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To speak with one of our Charlotte attorneys regarding drafting, reviewing, or enforcing your separation agreements call us today at 704-412-1442.
A separation agreement may address and resolve all divorce related matters, or just the few that you and your former spouse are currently seeing eye to eye on. There is no best time to create a separation agreement (although NC law and case law requires that the agreement be executed either after separating or immediately before separating). If you and your spouse are separated, have an amicable separation, and are currently communicating well about your divorce related matters, now may be the best time to consider memorializing your agreement in writing before things potentially become sour down the road. People often understandably fall into the trap of assuming things will continue to be amicable with an ex and don't think it necessary to put things into writing until things go bad, at which point negotiations may be much more heated and therefore much more costly.
***NOTE: When drafting a separation agreement, it is very important that the document complies with NC law regarding the actual content included, the surrounding circumstances, and the timing and manner in which the agreement is executed. Failure to do so may result in the document being un-enforceable in the future.
A valid separation agreement is an enforceable contract between the parties involved. If one party refuses to comply with a provision as laid out in the separation agreement, the other party may have to pursue legal action in order to enforce the terms of the agreement. The method by which a party may enforce a separation agreement in North Carolina depends in part on whether or not the agreement was incorporated into the final divorce decree between the parties.
A separation agreement that has NOT been incorporated into the parties' final divorce decree is a private contract that may be enforced through North Carolina contract law and the remedies available therein. These potential remedies include "specific performance," "breach of contract," and potential "monetary damages."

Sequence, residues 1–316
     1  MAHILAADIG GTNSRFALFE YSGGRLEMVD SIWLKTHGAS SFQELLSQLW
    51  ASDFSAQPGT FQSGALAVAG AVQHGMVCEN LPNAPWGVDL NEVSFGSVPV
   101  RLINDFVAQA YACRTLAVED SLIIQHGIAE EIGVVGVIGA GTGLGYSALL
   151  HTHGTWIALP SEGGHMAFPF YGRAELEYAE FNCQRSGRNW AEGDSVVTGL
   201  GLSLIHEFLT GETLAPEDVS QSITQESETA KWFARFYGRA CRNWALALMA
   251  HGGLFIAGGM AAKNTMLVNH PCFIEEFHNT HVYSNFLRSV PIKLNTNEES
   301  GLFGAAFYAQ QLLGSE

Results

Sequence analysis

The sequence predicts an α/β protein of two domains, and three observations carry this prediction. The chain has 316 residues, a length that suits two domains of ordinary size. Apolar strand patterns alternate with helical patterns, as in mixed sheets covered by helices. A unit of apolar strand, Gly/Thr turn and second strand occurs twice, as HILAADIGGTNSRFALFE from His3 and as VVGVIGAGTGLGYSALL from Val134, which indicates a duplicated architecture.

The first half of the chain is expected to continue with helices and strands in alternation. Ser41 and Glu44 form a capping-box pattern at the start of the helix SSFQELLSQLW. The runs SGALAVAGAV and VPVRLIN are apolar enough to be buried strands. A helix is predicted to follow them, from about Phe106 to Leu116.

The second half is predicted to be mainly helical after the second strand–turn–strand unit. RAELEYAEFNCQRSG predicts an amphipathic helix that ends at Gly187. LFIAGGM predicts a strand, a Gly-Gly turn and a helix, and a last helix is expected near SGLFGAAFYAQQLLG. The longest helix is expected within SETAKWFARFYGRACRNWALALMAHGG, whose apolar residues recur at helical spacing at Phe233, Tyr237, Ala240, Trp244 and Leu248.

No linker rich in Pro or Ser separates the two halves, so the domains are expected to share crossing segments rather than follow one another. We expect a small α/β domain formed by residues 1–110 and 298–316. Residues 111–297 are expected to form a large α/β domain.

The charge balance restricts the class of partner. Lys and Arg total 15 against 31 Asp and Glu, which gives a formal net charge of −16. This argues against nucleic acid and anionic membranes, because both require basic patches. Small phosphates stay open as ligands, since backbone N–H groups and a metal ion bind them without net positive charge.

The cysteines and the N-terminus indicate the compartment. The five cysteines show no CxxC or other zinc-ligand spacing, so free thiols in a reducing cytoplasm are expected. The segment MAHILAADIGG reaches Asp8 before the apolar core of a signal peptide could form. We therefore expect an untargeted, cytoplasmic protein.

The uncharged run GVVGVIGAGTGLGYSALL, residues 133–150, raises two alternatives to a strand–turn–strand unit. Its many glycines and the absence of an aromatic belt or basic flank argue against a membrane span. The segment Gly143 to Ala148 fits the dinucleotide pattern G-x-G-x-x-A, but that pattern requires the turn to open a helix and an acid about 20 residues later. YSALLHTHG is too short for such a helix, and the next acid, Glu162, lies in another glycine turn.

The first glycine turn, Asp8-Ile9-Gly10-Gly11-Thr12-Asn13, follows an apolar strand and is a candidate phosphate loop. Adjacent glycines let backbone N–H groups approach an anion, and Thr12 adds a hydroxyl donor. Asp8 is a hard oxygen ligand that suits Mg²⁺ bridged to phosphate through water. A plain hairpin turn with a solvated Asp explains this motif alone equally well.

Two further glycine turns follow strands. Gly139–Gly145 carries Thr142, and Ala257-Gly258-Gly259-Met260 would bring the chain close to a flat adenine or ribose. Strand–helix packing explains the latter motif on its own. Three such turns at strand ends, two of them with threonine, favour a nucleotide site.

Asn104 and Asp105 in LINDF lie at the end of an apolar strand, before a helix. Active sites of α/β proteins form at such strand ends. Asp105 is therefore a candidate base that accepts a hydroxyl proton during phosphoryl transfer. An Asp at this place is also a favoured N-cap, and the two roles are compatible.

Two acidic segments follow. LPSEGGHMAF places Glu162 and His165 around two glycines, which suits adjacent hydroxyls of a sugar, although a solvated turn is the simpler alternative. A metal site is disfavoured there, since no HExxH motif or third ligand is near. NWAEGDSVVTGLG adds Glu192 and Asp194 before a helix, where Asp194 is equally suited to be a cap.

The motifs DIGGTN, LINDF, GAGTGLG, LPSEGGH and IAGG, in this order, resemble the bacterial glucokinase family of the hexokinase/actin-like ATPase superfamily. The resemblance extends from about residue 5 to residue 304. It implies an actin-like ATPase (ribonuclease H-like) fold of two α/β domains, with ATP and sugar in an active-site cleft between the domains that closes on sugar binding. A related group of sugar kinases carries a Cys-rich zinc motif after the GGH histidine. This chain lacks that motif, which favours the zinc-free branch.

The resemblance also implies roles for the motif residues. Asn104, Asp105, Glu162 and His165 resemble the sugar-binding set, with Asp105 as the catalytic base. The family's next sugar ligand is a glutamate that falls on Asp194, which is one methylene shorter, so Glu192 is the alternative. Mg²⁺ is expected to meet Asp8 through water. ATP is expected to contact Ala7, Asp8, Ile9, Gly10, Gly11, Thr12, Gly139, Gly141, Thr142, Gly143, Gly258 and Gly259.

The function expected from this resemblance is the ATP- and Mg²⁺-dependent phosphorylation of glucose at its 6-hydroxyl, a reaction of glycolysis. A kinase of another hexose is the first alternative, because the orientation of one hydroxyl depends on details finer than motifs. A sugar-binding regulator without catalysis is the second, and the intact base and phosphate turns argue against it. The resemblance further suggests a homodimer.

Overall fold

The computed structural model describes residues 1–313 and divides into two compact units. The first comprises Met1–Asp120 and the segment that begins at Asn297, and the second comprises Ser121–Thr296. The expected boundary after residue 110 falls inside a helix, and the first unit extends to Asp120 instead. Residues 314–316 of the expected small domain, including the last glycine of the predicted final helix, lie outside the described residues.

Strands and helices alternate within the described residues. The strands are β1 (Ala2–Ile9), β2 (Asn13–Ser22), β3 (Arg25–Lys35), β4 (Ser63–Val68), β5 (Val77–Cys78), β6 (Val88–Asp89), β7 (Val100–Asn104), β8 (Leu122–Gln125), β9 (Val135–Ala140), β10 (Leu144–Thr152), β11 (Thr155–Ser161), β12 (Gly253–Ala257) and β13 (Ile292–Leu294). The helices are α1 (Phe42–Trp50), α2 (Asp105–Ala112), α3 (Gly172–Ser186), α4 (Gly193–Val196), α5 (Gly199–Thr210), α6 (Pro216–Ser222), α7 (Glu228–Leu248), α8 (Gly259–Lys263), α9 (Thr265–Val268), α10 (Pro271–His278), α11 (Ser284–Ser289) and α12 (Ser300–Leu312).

A separation agreement that has been incorporated into the parties' divorce decree is essentially converted into a court order and may be enforced through the contempt powers of the court having jurisdiction over the matter. The party seeking enforcement of the separation agreement would file either a "contempt" or "show cause" action in an attempt to force compliance.
Regardless of the method used to enforce a separation agreement, there are always defenses available to the alleged non-complying party. For more, see our page on the enforcement of separation agreements and court orders.
How we can help.
Our attorneys are prepared to help with all aspects of separation agreements, including:
* Draftingyour separation agreement.
* Negotiatingyour separation agreement.
* Reviewingyour separation agreement.
* Enforcingyour separation agreement.
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BLOG: View our family blog here.
To speak with one of our Charlotte attorneys regarding a separation agreement, call us at 704-412-1442.
Our Charlotte based divorce attorneys are experienced with the issues and laws that come into play when drafting and enforcing a separation agreement in North Carolina. If you have questions regarding the information on this page or would like to speak to an attorney regarding your particular issue, contact us at 704-412-1442 to speak to one of our divorce lawyers today. We can help.
A Separation Agreement is a good idea, regardless of how contentious a separation or divorce may be, as oral promises between spouses are not enforceable in North Carolina. Separation Agreements are powerful documents in that they may resolve all outstanding divorce-related issues besides the actual divorce, including property division and the distribution of assets/liabilities, alimony and spousal support, child custody, and child support. Drafting a thorough Separation Agreement can save you and your spouse a good deal of money, time, stress, and energy versus handling these matters in a courtroom. Further, by negotiating a Separation Agreement, you have the power to control the terms of the agreement, rather than relying a judge's discretion to dictate the resolution of the issues related to your separation and divorce.
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